Pristiq Use and Side Effects

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Jeffrey Johnson is a legal writer with a focus on personal injury. He has worked on personal injury and sovereign immunity litigation in addition to experience in family, estate, and criminal law. He earned a J.D. from the University of Baltimore and has worked in legal offices and non-profits in Maryland, Texas, and North Carolina. He has also earned an MFA in screenwriting from Chapman Univer...

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Written by Jeffrey Johnson
Insurance Lawyer Jeffrey Johnson

UPDATED: Jul 15, 2021

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Do you know the risks associated with using Pristiq for depression?

Pristiq is an antidepressant drug prescribed for the treatment of major depressive disorders. Depression is a serious medical condition that can severely impact on a person’s quality of life. The cause of depression is unknown, but it can be treated with the right medication. However, patients should be made fully aware of the side effects of Pristiq before taking it, and doctors are required to fully inform their patients of the risks to their health when prescribing medication.

Pristiq: An FDA Category C Drug

Drugs are placed in certain risk categories, depending on the test history of the drug. These categories provide relevant information to the doctor and the consumer about the relative risks of taking a particular drug. For example, a Category A drug has been subject to human studies and all of the risks associated with humans taking that drug are known. This is compared to a Category B or C drug, which has only been subject to animal studies and not been tested by clinical studies on humans. While Category B and C drugs might have potential benefits for humans, they also come with potential unknown risks. Pristiq is a Category C drug. All of the risks associated with human use Pristiq are only now being fully discovered.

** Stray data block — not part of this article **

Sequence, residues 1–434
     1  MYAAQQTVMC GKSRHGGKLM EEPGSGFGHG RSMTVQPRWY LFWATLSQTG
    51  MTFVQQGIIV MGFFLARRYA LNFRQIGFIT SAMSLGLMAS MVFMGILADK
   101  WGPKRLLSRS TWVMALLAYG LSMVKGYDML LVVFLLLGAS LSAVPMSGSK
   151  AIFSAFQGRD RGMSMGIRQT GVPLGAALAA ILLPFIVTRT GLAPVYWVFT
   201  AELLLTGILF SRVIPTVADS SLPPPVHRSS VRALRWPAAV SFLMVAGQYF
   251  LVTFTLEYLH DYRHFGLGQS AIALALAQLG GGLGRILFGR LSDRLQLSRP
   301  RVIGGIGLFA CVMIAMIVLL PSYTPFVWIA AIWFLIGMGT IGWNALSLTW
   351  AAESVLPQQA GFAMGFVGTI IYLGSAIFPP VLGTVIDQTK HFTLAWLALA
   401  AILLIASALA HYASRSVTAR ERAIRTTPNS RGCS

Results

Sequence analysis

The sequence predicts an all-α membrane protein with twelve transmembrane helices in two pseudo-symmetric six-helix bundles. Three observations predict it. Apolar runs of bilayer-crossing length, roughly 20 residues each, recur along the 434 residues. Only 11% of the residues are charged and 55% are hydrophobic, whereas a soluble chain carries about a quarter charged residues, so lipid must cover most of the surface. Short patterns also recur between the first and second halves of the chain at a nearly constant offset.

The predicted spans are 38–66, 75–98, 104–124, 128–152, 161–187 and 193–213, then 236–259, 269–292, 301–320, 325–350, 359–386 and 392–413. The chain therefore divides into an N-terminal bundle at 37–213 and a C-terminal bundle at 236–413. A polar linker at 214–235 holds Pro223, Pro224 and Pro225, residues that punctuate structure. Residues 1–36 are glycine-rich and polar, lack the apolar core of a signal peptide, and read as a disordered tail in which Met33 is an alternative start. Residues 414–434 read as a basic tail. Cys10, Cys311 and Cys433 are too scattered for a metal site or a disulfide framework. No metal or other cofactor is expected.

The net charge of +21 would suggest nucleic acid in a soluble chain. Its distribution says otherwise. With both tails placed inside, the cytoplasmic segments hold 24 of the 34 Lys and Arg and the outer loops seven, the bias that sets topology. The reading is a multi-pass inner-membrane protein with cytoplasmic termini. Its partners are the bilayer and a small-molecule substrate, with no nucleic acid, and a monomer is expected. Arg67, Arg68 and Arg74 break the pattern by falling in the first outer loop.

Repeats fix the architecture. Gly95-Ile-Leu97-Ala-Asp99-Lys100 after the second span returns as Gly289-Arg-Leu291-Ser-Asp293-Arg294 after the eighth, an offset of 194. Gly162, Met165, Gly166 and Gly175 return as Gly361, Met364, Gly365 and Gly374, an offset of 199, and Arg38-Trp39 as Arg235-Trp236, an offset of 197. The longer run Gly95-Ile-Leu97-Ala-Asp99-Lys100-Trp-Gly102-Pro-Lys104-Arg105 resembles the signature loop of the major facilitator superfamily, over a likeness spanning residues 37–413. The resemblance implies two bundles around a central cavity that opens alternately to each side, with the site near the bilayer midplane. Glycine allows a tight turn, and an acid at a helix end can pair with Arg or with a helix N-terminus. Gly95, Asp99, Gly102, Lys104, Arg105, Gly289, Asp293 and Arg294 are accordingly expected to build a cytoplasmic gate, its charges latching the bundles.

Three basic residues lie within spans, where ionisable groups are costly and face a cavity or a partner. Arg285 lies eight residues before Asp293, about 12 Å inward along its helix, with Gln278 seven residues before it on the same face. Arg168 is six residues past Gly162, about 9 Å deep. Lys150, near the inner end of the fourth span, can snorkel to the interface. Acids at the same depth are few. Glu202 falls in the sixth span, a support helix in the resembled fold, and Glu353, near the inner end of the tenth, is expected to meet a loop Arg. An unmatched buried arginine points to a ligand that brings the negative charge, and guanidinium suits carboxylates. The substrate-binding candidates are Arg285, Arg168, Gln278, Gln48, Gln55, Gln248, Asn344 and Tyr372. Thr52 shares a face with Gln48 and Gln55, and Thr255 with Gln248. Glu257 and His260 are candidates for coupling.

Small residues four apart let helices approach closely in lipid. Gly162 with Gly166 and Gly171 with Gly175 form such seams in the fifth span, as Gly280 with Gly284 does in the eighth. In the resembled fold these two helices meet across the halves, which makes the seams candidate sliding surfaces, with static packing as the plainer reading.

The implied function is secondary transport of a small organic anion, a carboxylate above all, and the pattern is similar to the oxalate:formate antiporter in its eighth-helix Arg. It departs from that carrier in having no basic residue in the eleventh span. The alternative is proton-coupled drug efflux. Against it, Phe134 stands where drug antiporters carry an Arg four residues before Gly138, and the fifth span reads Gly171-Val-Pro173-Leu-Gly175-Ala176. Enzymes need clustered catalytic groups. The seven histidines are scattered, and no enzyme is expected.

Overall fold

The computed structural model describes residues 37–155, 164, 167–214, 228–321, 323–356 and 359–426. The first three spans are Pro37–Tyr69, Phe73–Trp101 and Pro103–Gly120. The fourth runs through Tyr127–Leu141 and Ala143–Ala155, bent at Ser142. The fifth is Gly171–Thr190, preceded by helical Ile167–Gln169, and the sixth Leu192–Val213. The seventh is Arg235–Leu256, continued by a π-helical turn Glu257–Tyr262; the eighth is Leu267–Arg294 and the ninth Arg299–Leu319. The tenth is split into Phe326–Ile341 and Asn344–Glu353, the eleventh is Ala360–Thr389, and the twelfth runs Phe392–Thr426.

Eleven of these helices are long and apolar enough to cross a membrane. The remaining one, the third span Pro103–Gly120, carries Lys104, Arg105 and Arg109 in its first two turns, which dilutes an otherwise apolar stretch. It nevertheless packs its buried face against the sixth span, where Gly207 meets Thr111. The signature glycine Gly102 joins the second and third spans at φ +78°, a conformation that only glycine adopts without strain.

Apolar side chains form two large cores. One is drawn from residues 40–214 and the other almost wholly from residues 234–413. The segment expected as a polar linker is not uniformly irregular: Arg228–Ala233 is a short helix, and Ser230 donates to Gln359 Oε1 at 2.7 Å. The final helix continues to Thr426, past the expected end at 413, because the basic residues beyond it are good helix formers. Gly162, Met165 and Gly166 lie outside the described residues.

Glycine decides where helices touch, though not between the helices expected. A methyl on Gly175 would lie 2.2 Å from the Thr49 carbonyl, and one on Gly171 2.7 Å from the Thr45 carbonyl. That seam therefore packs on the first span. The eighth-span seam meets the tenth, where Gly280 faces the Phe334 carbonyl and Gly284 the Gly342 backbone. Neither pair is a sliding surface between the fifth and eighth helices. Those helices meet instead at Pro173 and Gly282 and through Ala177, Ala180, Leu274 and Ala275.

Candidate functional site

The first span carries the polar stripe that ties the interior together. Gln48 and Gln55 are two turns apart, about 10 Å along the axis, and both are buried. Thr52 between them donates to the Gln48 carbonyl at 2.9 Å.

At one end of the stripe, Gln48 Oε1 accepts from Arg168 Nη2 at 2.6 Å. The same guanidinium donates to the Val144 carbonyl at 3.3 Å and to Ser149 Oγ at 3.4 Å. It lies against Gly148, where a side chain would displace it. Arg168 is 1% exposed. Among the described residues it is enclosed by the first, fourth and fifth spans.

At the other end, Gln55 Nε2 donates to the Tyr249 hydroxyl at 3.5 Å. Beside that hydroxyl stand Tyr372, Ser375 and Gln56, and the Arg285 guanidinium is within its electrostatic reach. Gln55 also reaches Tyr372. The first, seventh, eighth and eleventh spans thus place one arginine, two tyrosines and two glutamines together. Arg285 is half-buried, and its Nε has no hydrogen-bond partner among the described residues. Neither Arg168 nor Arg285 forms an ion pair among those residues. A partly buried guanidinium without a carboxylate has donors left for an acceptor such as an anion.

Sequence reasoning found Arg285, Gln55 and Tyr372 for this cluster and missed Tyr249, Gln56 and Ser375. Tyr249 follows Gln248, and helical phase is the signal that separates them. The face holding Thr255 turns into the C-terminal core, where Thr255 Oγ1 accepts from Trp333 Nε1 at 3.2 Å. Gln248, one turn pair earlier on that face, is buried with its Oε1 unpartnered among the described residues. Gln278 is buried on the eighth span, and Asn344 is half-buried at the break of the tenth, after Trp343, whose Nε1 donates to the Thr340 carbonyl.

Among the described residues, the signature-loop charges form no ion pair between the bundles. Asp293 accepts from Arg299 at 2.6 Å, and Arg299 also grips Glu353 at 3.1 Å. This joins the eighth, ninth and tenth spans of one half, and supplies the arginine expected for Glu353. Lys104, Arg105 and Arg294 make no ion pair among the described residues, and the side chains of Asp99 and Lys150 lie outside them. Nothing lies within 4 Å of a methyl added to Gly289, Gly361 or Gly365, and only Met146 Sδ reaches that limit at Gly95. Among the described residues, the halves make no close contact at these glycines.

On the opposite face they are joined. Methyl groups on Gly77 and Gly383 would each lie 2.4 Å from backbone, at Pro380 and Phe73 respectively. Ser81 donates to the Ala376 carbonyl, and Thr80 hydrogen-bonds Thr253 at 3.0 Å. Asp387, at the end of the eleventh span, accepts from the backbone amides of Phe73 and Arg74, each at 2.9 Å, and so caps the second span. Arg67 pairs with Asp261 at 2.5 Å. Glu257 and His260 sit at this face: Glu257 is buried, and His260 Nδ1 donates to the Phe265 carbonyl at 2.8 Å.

Side Effects

Pristiq has been available since 2008, but the full side effects are only just being discovered. A variety of side effects associated with Pristiq are as follows:


  • breathing difficulties
  • low blood sugar
  • jaundice
  • changing body temperatures
  • tremors or convulsions
  • vomiting
  • floppiness or stiffness


  • irritability
  • jitteriness
  • abnormal crying

These side effects may be considered worth the risk. However, if you are a woman who is pregnant or attempting to become pregnant, your unborn child may be at risk for severe health consequences.

Caution to women: Risk in taking anti-depressants when pregnant

If your physician prescribes you an antidepressant during pregnancy, they may be putting you and your child at risk. Many anti-depressant drugs, have not been tested on pregnant women. As a result, an increasing number of pregnant women are taking drugs that are not appropriate during pregnancy. Recent medical studies indicate that if a mother takes anti-depressants while pregnant, she is placing her child at risk for developing autism and other developmental disorders. To be safe, another drug free alternative should be used, if possible, for the treatment of depression when pregnant.

Consult an Attorney

If you have taken a prescribed anti-depressant while pregnant and your unborn child’s health has suffered as a result, then you should contact an attorney immediately to discuss possible action.

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